“House on a House” Showcases New Digital Construction Methods
Emily Pollock posted on March 13, 2019 |
DFAB House at night. The house is built on top of the Next Evolution in Sustainable Tech building. (Image courtesy of Roman Keller/ ETH Zurich.)
DFAB House at night. The house is built on top of the Next Evolution in Sustainable Tech building. (Image courtesy of Roman Keller/ ETH Zurich.)

DFAB House, a building that its creators call the world’s first inhabited “digital house,” has officially opened. The house was built with a variety of novel digital building techniques, including specialized robots and 3D printing.

"The path from the digital drawing board to an actual building has challenged both scientists and experts from industry,” said Empa CEO Gian-Luca Bona in the joint press release. “Through a constructive dialogue, something truly visionary can now be put into practice; hopefully, it will soon be used broadly in the construction industry.”

The building is located in a bit of an unusual spot: perched atop the NEST (Next Evolution in Sustainable Tech) building as an experiment in building and construction. The NEST is a three-floor central module that engineers can “dock” building modules onto, much like attaching different pieces to a LEGO brick. Owned by building companies Empa and Eawag, the building has hosted multiple building experiments over the years.

The latest one, docked on the building’s third-floor platform, is a three-story house created by robots and 3D printers, with “smart home” tech inside. The top two floors are largely made of timber, put in place by a new form of timber construction called Spatial Timber Assemblies. The assembly form uses robots and prefabricated pieces to lay complex timber frames.

To lay the complex geometry of the curved concrete wall, the building team used a process called Mesh Mould, which combined the formwork and reinforcement into a single robot-operated step. The concrete slab used for the design is also novel. According to the team, Smart Slab is the first concrete slab made with a 3D-printed formwork, which is designed to be lightweight. Finally, the In Situ Fabricator is a mobile construction robot that can “spit out” items needed for construction.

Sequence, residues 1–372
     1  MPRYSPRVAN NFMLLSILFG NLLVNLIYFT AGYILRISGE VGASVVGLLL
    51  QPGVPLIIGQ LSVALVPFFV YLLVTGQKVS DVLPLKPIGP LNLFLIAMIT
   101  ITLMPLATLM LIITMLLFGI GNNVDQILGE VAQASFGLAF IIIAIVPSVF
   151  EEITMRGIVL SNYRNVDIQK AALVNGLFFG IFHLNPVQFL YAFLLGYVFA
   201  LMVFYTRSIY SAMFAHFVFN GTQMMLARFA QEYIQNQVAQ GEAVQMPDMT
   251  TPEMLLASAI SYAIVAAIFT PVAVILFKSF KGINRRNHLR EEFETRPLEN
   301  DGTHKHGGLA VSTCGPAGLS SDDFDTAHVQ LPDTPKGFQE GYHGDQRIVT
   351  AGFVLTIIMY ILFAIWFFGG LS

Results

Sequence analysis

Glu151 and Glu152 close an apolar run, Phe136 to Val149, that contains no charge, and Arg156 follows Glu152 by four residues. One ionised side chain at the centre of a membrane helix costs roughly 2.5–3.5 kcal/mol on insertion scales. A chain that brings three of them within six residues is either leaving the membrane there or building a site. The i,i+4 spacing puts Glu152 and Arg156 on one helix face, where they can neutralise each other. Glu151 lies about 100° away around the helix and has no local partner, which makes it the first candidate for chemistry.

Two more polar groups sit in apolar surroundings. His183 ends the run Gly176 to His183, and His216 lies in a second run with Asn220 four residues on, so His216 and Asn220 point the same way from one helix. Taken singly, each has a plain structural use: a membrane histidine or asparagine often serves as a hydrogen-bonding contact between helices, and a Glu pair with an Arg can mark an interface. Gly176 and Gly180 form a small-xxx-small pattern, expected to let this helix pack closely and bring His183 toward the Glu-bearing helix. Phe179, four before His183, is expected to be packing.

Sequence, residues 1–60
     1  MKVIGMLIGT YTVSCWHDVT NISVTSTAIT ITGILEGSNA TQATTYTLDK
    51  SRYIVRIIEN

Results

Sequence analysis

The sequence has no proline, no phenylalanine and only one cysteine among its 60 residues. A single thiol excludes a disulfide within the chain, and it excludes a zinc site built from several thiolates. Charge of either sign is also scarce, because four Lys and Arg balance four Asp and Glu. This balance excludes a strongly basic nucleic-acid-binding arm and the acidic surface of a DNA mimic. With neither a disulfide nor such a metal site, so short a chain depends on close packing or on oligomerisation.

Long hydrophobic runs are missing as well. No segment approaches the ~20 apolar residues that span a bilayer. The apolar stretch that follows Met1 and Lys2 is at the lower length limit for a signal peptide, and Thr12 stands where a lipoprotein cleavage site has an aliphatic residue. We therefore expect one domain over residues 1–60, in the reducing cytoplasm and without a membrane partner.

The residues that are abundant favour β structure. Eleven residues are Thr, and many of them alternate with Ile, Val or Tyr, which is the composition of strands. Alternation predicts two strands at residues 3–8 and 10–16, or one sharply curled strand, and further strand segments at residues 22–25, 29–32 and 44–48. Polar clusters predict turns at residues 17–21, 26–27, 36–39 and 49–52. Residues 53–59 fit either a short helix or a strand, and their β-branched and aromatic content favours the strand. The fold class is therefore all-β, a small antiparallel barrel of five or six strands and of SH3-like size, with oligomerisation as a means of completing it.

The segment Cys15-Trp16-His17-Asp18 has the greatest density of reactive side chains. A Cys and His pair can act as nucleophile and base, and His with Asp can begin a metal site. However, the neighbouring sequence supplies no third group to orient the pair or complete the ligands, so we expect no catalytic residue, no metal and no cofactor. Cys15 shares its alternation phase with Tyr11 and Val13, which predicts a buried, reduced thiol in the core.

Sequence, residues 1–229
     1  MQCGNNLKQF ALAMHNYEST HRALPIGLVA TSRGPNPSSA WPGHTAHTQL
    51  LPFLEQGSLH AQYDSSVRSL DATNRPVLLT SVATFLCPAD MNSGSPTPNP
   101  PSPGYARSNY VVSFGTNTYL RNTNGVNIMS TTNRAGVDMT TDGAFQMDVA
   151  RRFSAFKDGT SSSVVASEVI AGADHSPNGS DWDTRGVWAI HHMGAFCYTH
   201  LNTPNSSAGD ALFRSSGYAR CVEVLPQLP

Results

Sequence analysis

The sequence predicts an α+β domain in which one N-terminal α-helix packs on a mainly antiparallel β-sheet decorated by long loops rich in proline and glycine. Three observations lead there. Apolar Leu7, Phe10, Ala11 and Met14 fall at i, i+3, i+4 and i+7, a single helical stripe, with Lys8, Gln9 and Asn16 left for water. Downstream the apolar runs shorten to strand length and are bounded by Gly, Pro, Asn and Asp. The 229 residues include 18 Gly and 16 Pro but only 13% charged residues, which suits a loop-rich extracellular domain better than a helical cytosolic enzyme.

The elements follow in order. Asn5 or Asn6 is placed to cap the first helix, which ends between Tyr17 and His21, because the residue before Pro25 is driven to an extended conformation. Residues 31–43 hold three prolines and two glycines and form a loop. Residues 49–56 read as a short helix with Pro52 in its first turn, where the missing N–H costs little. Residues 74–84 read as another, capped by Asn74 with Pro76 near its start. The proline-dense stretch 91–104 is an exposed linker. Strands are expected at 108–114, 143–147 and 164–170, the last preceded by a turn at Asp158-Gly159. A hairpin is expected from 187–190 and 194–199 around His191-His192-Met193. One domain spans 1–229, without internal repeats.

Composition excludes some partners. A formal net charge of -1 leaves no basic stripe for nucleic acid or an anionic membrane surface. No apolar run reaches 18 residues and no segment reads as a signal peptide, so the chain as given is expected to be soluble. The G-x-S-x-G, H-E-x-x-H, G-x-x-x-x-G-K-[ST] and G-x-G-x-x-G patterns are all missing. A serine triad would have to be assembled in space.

But the house’s digital smarts don’t end with the construction process. The team behind it says that inhabitants have the benefits of smart blinds, burglar detection and household appliances, along with green energy to power it all. Photovoltaic modules on the structure’s roof supply approximately 1.5 times as much electricity as the inhabitants need; heat from waste water is recovered directly in the shower trays via heat exchangers; and hot water flows back into the boilers when it’s not being used, so it doesn’t cool in the pipes. The house’s first “guests,” academic residents invited by Empa and Eawag, will be moving in within about two months.

"The architectural potential of digital fabrication technologies is immense," Swiss project concept architect Matthias Kohler said in the house’s press release. "With the DFAB House, we are able to test new technologies hand in hand with industry and thus accelerate the transfer from research to practice."


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